SINGAPORE – Congregants will be allowed to sing during worship services from April 5, but only for up to a total of 30 minutes and without removing their masks, the Ministry of Culture, Community and Youth (MCCY) announced on Wednesday (March 31).
Places of worship opened for private worship in June last year as part of phase one of Singapore’s post-circuit breaker reopening, but congregants were not permitted to sing.
In its release on Wednesday, MCCY said that good ventilation must be maintained if worshippers are to sing. This can be done through opening doors and windows, or using air-conditioning and mechanical ventilation systems to remove any accumulated lingering droplets.
The worship venue must be wiped down between worship services, and religious organisations are also encouraged to implement a greater safe distance of 2m between groups of up to eight worshippers if they are singing.
There should also be no sharing of prayer books and other common items, such as holy books, offertory baskets or prayer mats as this increases the risk of Covid-19 transmission. Instead, worshippers should bring their personal prayer items when required.
Previously, up to 30 people were allowed to be involved in the conduct of the worship service, such as performers or video crew. Only five of them were allowed to sing, and could do so unmasked.
In Wednesday’s announcement, MCCY said that from April 5 the cap of 30 people would remain – but in addition to the five who may sing unmasked, the others may choose to sing while wearing a mask. However, there must be at least 3m distance between those involved in live performance elements and the worshippers.
In addition, from April 24, up to 250 people will be allowed to attend marriage solemnisations in places of worship if the wedding couple goes for pre-event testing. This is up from the previous limit of 100 people.
The attendance cap for funerals and wakes in places of worship will also be increased to 50 people at any one time from April 24, but only on the day of the burial or cremation. This is up from the previous limit of 30 people at any one time.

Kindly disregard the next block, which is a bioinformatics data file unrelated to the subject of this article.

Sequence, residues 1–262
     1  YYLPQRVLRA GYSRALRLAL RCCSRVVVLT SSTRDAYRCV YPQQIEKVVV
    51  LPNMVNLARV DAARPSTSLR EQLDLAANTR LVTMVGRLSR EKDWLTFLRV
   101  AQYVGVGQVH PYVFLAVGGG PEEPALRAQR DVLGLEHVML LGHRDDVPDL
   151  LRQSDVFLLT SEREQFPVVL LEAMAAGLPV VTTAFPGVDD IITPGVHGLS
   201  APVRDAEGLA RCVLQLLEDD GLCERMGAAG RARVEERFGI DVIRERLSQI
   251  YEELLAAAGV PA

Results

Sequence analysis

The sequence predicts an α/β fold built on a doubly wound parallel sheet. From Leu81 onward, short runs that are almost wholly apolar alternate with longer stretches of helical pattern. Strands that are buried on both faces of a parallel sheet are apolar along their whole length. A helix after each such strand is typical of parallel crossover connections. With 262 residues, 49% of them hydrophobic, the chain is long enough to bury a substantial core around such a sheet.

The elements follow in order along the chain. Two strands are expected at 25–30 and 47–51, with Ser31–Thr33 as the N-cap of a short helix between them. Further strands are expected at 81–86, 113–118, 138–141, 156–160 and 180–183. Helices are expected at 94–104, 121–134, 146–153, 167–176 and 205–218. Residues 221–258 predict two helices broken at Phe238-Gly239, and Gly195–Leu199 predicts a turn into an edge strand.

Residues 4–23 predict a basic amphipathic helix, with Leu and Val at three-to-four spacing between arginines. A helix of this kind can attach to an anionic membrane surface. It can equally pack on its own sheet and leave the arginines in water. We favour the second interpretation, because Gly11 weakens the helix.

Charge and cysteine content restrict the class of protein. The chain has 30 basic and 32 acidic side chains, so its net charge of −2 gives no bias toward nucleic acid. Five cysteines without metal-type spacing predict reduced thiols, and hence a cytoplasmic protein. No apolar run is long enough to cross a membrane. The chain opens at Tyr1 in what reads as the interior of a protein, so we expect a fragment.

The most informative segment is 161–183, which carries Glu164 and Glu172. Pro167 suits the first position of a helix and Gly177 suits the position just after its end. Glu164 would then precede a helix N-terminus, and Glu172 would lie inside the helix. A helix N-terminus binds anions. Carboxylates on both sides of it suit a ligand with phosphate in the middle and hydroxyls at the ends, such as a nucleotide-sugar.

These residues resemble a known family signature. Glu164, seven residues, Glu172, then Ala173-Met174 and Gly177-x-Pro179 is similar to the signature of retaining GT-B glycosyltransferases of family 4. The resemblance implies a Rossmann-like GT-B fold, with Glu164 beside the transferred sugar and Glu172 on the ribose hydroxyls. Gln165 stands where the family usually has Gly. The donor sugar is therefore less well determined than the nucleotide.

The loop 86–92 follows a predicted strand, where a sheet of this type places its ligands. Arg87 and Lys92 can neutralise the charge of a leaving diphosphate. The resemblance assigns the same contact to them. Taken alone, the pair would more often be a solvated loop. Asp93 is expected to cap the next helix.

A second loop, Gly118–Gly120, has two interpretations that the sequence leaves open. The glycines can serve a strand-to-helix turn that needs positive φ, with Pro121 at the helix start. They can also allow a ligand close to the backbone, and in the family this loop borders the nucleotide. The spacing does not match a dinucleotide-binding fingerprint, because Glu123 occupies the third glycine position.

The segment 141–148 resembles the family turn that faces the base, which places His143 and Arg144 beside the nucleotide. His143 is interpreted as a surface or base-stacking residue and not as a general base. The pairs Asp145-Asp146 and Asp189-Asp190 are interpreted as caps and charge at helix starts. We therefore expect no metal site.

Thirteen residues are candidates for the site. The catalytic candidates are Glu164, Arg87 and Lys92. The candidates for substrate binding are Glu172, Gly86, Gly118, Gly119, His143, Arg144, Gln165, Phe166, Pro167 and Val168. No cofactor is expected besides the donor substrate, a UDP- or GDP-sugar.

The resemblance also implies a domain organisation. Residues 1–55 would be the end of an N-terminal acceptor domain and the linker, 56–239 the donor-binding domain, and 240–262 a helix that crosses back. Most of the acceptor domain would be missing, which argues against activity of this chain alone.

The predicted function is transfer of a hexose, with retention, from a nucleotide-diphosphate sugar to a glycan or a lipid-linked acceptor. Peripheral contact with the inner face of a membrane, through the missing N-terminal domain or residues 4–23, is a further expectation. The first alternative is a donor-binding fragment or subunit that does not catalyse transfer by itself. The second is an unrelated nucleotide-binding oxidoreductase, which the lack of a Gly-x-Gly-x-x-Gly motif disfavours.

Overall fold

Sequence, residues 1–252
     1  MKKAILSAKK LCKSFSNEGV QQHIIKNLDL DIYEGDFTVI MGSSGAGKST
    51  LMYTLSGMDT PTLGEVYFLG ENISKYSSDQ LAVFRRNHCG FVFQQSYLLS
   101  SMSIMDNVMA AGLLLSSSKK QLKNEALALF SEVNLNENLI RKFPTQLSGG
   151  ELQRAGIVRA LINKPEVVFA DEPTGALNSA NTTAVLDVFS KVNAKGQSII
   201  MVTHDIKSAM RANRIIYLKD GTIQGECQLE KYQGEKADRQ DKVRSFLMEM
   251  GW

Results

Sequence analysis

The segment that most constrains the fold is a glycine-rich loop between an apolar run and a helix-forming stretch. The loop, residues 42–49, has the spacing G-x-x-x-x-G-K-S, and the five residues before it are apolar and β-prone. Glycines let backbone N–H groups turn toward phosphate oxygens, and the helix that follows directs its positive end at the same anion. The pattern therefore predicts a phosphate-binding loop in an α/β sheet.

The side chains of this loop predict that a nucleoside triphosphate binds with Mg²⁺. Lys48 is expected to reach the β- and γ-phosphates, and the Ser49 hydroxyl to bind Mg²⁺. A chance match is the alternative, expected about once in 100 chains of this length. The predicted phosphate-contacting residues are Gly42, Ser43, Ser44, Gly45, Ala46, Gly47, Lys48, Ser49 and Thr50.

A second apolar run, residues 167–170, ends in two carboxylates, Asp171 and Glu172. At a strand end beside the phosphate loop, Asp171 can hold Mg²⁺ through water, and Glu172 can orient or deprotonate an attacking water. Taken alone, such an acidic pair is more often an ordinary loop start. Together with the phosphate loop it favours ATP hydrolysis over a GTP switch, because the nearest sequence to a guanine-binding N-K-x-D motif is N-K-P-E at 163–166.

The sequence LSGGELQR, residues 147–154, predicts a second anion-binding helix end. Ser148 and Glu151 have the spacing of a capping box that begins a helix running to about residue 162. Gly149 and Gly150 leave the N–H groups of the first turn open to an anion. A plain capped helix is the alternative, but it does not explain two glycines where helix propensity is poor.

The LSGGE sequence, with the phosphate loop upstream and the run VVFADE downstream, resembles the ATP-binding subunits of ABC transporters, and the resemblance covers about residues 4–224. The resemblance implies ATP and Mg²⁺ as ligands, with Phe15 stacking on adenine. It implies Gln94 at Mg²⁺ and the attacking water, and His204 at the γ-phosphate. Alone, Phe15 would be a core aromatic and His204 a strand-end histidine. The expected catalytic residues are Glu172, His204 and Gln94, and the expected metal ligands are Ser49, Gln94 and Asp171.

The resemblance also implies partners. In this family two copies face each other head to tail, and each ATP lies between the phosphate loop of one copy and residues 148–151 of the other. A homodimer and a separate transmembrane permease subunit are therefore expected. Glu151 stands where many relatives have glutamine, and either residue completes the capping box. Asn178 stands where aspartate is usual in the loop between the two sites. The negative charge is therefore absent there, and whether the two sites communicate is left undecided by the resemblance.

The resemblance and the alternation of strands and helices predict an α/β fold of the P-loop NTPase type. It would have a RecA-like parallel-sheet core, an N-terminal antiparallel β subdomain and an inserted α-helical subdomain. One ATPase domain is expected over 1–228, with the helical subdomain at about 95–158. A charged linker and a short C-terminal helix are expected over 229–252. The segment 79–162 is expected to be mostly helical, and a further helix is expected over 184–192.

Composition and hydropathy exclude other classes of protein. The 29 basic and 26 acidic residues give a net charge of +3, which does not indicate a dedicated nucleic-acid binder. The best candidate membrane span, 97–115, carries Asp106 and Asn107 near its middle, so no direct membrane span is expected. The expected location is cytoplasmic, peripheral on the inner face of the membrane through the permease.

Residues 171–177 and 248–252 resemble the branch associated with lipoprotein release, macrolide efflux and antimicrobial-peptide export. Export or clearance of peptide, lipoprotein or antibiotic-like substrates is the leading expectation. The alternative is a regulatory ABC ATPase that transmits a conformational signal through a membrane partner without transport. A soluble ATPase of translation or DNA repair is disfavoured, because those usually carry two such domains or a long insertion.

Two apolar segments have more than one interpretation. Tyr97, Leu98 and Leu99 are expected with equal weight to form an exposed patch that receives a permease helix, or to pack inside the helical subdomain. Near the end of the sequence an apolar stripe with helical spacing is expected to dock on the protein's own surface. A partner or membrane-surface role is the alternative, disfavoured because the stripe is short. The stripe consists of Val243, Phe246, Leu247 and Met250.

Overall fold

MCCY added that from April 19, any religious organisations conducting congregational and other worship services for more than 100 people must deploy the SafeEntry Gateway at their main entrances as an additional check-in mode.
This is not required for religious organisations conducting congregational and other worship services for 100 people or fewer.
In a Facebook post on Wednesday, Minister for Culture, Community and Youth Edwin Tong wrote: “With the resumption of congregational singing with masks on and other safe management measures in place, religious organisations can further address the religious needs of Singaporeans.”
He added that masked singing would also be allowed for arts and culture classes and live performances, and more details would be released soon.
“The past year has been extremely challenging, particularly for our religious organisations and arts practitioners who had to limit the capacity and types of activities to keep Singaporeans safe.
“I would like to thank our religious and arts communities for their continued understanding and support, even as my team at MCCY continues to work with all stakeholders on the safe resumption of more community activities.”
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